In late August, Imperva suffered a security incident, resulting in the compromise of sensitive information of some of their Cloud WAF customers.
On Thursday, Imperva CTO Kunal Anand finally explained how it all happened.
The first indication that something went wrong was when, on August 20, 2019, the company received a data set from an unnamed third-party requesting a bug bounty.
The notification triggered an investigation and they discovery that, in October 2018, an administrative API key in one of their production AWS accounts had been misused and a snapshot of a database containing customer information was exposed.
The dataset was from a snapshot as of September 15, 2017, meaning that if contained data of customers who set up Cloud WAF accounts prior and up to that date. This data included email addresses, hashed and salted passwords, API keys, and customer-provided TLS keys.
How did it happen?
Anand shared that the foundation for the breach was laid in 2017, when their product development team migrated to AWS Relational Database Service (RDS) to scale the company’s user database.
“Some key decisions made during the AWS evaluation process, taken together, allowed information to be exfiltrated from a database snapshot. These were: (1) we created a database snapshot for testing; (2) an internal compute instance that we created was accessible from the outside world and it contained an AWS API key; (3) this compute instance was compromised and the AWS API key was stolen; and (4) the AWS API key was used to access the snapshot,” he explained.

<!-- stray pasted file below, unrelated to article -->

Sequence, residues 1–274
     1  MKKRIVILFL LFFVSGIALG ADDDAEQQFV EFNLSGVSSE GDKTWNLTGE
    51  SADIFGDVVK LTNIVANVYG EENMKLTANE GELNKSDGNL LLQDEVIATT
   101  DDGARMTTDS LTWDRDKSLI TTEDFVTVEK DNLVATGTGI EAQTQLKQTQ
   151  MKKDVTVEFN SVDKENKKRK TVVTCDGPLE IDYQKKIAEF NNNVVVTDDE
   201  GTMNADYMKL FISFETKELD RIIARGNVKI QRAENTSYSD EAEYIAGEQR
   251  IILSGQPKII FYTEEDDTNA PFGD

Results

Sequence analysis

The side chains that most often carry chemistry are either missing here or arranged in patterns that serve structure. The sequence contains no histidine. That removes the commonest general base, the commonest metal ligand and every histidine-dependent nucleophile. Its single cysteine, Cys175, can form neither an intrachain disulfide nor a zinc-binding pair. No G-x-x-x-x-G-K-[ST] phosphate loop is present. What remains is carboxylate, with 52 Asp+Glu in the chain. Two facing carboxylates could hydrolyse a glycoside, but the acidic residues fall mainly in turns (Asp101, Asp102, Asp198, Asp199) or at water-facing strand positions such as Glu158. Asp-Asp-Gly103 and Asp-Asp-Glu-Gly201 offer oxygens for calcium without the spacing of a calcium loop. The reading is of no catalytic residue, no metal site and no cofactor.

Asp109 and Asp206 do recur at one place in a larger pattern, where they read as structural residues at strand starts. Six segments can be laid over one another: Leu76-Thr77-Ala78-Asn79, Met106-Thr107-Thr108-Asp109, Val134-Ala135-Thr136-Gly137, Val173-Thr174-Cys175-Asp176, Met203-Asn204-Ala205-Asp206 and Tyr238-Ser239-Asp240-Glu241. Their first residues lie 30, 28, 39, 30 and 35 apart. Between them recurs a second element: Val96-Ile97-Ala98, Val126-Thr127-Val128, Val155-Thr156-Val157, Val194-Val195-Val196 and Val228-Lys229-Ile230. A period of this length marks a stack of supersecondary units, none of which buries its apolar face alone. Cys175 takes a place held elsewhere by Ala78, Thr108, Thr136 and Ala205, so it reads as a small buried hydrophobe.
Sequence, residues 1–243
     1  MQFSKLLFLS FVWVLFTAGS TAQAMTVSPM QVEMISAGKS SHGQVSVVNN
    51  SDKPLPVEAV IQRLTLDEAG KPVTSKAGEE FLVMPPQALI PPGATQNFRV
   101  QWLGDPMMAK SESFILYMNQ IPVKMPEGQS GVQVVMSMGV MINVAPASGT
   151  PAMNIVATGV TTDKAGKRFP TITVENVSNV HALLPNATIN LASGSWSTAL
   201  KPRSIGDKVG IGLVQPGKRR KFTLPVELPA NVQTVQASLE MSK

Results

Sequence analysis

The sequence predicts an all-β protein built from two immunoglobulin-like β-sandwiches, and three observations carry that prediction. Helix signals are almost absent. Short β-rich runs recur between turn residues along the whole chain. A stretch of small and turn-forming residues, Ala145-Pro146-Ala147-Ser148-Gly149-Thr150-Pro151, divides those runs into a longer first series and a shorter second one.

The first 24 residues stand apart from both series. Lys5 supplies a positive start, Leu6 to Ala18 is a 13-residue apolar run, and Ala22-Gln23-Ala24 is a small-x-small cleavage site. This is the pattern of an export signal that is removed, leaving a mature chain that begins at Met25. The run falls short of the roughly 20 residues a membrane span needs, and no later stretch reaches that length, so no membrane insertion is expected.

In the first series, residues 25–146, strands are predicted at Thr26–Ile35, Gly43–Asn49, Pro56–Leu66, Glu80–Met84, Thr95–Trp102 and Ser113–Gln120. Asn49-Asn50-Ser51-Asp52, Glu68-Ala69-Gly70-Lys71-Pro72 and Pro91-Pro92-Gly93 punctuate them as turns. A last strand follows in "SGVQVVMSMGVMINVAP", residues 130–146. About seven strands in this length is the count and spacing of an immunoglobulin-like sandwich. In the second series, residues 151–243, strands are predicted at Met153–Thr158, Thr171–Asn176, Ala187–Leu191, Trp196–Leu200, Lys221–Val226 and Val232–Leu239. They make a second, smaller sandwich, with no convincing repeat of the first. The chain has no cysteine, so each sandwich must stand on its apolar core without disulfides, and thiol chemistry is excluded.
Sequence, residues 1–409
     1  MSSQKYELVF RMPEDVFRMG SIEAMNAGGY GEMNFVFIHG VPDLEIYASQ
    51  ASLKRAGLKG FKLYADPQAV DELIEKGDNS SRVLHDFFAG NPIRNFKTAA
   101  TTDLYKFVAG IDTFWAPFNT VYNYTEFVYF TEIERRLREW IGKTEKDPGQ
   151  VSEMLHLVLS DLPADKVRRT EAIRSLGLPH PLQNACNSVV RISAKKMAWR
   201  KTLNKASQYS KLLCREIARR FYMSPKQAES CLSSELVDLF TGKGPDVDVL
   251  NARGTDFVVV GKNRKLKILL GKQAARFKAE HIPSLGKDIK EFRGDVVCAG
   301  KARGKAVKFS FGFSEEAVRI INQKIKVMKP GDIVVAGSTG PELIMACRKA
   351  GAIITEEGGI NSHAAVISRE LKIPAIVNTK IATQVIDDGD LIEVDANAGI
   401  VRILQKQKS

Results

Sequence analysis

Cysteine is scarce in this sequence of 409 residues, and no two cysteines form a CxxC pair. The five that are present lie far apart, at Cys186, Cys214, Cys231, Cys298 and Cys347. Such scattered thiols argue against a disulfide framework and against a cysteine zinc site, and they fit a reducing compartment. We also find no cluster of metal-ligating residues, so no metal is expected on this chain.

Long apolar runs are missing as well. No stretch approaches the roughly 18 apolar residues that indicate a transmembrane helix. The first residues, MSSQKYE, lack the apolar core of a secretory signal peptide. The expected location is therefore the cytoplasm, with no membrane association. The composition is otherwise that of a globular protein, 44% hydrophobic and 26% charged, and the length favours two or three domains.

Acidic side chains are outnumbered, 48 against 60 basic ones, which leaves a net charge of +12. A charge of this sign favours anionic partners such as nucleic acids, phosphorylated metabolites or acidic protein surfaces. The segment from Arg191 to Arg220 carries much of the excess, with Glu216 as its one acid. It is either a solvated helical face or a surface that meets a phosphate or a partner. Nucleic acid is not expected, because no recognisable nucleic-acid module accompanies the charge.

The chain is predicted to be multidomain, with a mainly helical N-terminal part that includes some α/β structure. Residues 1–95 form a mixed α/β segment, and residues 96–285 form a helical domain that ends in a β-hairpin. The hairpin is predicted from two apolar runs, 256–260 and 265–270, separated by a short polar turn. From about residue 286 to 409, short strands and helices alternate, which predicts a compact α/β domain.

He made sure to note that the investigation revealed that the data exfiltration was not the result of a Cloud WAF vulnerability and that databases and snapshots for their other products were not exfiltrated.
“We have since gone back and looked for malicious activity, leveraging threat intelligence feeds in conjunction with audit logs related to accounts in the dataset. Thus far, we have not found any malicious behavior targeting our customers (logins, rule changes, etc.) and have implemented procedures to continue monitoring for such activity. We remain vigilant, however, and will continue to monitor for malicious behavior,” he added.
Mitigation actions taken and prevention measures employed
When they first discovered the nature of the data that was compromised, Imperva urged all Cloud WAF customers to change their user account passwords, implement Single Sign-On (SSO), enable two-factor authentication, generate and upload a new TLS certificate, and reset API keys.
Since then their customers changed over 13,000 passwords, rotated over 13,500 SSL certificates, and regenerated over 1,400 API keys.
Imperva also implemented improved security protocols to prevent similar future incidents, and these include:
- Tighter security access controls
- Increased auditing of snapshot access
- Regular decommissioning of inactive compute instances
- Putting all internal compute instances behind their VPN by default
- Rotation of credentials and strengthening of credential management processes
- Increased frequency of infrastructure scanning.
“We take ownership of the fact that the incident was a result of our choices, actions we took and failed to take before, during, and after our database migration,” Anand noted.
He recommended all organizations take the time to understand the shared responsibility of deploying and managing applications and data in Infrastructure as a Service (IaaS) solutions and said that they’ve learned a lot from the incident and used that knowledge to change the way they manage their own Secure Software Development Lifecycle (SSDLC).